How to use heart rate variability as a training tool

How to use heart rate variability as a training tool

As running technology gets smaller and more portable, the number of insights it offers into our health continues to grow. For wearable heart rate monitors, the tech has gone beyond simply providing data to reshaping the way many runners train and race. Instant access to the beats-per-minute (BPM) metric has made training by heart-rate zones the go-to training guide for many. Yet, there’s much more our hearts can tell us than how hard it’s working. Heart rate variability (HRV), an increasingly popular metric for runners, offers subtle insights that our hearts reveal between the lines—or between the beats—that can help us better understand our overall running health and guide us in tweaking our training accordingly.


What is HRV?

Unlike heart rate, HRV focuses on the gaps between the beats. Specifically, it’s a measurement of the natural changes in tempo from one beat to the next. It’s a concept that’s probably familiar to anyone who’s ever tried playing the drums (or has lived on the same block as someone who has). An experienced drummer with rock-solid timing can hold the tempo perfectly between successive beats, so their “variability” is low. A shaky beginner who keeps striking the snare a little too early or too late, meanwhile, has high variability. There are big differences between heartbeats and drumbeats, of course, and one in particular may make HRV seem a bit counterintuitive. While metronomic timing is great for drummers (and listeners), it’s not necessarily ideal for runners. In general, a heart that doesn’t keep the tempo exactly right between beats, like our fledgling drummer friend, reflects better overall health.


What can HRV tell us?

HRV can reflect several aspects of a runner’s overall health and fitness, for example, how well a body is adapting to training load or stress. If your HRV remains relatively high, it suggests the body is effectively recovering and adapting to the demands of your workouts. Conversely, a consistently low HRV may indicate inadequate recovery or excessive training stress, which could increase the risk of overtraining or injury.

HRV can also serve as a tool to gauge recovery. Lower HRV values ​​are generally associated with fatigue and insufficient recovery, whereas higher HRV values ​​indicate a readiness to perform. A higher HRV is generally associated with better cardiovascular health, overall fitness and improved autonomic nervous system function. A high HRV can also reflect the state of your mental and emotional well-being, like lower stress levels and improved mental resilience.

Garmin Forerunner 965
Photo: Garmin

How is it measured?

HRV measurement is increasingly becoming a standard feature of portable running tech. It has been incorporated by companies such as Polar and Wahoo into chest strap heart-rate monitors, as well as smartwatches and fitness trackers by brands including Apple, Coros, Garmin and Fitbit. While the steps for taking measurements will vary by device, readings are taken when at rest while seated or lying down. Scores are most commonly expressed in milliseconds, with higher scores tending to reflect better overall health.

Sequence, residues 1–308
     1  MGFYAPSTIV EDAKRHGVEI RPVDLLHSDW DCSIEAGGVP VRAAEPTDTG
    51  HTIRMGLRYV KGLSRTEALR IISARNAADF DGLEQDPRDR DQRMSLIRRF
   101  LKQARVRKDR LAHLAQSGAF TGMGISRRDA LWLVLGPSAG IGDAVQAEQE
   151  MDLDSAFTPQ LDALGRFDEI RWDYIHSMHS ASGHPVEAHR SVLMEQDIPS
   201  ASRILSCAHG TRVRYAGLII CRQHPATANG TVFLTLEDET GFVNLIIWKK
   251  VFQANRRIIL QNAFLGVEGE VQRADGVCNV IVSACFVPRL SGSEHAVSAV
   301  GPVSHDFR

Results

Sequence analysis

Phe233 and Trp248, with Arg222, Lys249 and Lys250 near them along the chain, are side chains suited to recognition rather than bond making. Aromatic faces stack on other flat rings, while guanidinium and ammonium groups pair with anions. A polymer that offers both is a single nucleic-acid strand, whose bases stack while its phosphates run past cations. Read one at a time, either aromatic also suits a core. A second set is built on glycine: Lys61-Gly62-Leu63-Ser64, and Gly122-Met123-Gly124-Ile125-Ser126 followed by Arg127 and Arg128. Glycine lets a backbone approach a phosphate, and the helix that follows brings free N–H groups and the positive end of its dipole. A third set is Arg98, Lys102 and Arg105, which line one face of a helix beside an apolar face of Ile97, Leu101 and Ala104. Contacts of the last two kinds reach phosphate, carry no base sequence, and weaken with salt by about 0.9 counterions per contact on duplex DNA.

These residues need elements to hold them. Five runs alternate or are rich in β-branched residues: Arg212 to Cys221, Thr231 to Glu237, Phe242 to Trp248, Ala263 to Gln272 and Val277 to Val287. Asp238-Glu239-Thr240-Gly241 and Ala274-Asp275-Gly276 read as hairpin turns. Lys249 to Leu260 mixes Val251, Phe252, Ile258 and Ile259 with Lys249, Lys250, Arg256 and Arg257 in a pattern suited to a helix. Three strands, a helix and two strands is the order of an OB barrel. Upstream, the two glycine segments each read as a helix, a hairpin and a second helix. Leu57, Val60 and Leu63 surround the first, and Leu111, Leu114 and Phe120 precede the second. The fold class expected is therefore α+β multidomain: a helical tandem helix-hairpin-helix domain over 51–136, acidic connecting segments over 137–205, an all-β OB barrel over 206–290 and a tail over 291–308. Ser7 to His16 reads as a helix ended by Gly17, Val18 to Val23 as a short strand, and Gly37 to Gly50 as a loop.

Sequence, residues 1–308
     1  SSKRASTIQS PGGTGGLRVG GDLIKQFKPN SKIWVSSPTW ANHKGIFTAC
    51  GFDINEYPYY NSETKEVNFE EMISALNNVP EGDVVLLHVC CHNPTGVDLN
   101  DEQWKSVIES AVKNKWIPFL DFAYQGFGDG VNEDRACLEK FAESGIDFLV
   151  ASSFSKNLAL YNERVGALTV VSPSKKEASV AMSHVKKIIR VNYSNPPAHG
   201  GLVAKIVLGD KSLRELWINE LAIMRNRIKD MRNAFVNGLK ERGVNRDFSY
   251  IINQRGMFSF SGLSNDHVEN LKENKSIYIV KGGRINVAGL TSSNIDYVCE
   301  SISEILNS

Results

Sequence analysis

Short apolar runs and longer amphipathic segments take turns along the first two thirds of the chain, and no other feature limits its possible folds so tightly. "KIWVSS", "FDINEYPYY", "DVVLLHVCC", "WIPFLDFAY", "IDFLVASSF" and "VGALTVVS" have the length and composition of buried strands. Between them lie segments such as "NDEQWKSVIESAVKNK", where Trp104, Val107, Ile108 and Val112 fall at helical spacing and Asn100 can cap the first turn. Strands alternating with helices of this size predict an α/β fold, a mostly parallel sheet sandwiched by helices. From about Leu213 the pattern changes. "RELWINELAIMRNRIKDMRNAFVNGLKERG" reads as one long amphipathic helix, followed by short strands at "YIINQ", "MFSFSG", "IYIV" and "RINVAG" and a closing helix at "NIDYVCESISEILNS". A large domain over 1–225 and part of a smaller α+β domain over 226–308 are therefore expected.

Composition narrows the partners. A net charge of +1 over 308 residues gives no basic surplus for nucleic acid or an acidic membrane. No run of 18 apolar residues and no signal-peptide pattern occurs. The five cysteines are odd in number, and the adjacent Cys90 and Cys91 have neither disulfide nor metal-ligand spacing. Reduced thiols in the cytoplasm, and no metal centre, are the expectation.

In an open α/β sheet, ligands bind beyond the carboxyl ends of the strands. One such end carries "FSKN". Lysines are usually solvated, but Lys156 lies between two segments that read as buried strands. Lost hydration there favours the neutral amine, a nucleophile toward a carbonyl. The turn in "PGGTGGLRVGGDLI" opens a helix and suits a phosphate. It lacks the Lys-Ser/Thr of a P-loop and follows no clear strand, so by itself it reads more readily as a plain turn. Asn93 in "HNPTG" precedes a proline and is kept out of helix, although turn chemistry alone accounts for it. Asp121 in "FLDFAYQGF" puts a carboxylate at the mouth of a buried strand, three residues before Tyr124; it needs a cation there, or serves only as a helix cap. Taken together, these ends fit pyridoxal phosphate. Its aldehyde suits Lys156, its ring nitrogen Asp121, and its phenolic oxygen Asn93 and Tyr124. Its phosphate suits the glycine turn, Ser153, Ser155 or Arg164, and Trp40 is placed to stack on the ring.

What do I do with the results?

Although HRV can provide a helpful snapshot of trends in your overall health, what the numbers mean from one runner to the next can be, rather fittingly, highly variable. As with maximum heart rate, a strong HRV score will continue to drop as runners get older, and even between healthy runners of the same age, scores can vary wildly. That’s why, when making sense of your HRV, it’s more valuable to look at which direction your numbers are trending, rather than trying to hit a score that may not reflect your overall health. Numbers that trend higher indicate improvements in fitness and overall health and may reflect your readiness to increase the intensity of your training. A string of decreasing scores could suggest one or more aspects of your overall health could use more attention.

healthy food

What HRV numbers won’t tell you is what you need to fix. Because HRV can be shaped by many factors—level of physical activity, psychological and emotional stress, diet and sleep quality among them. In addition to taking HRV measurements daily, it’s important to regularly—perhaps once a week—check in with yourself on each of the above factors in your overall health, identify where you might be falling short and what changes need to be made (such as getting to bed earlier or eating more nutritious meals). Note how the changes affect the direction of your HRV scores in the coming week and see if that helps.

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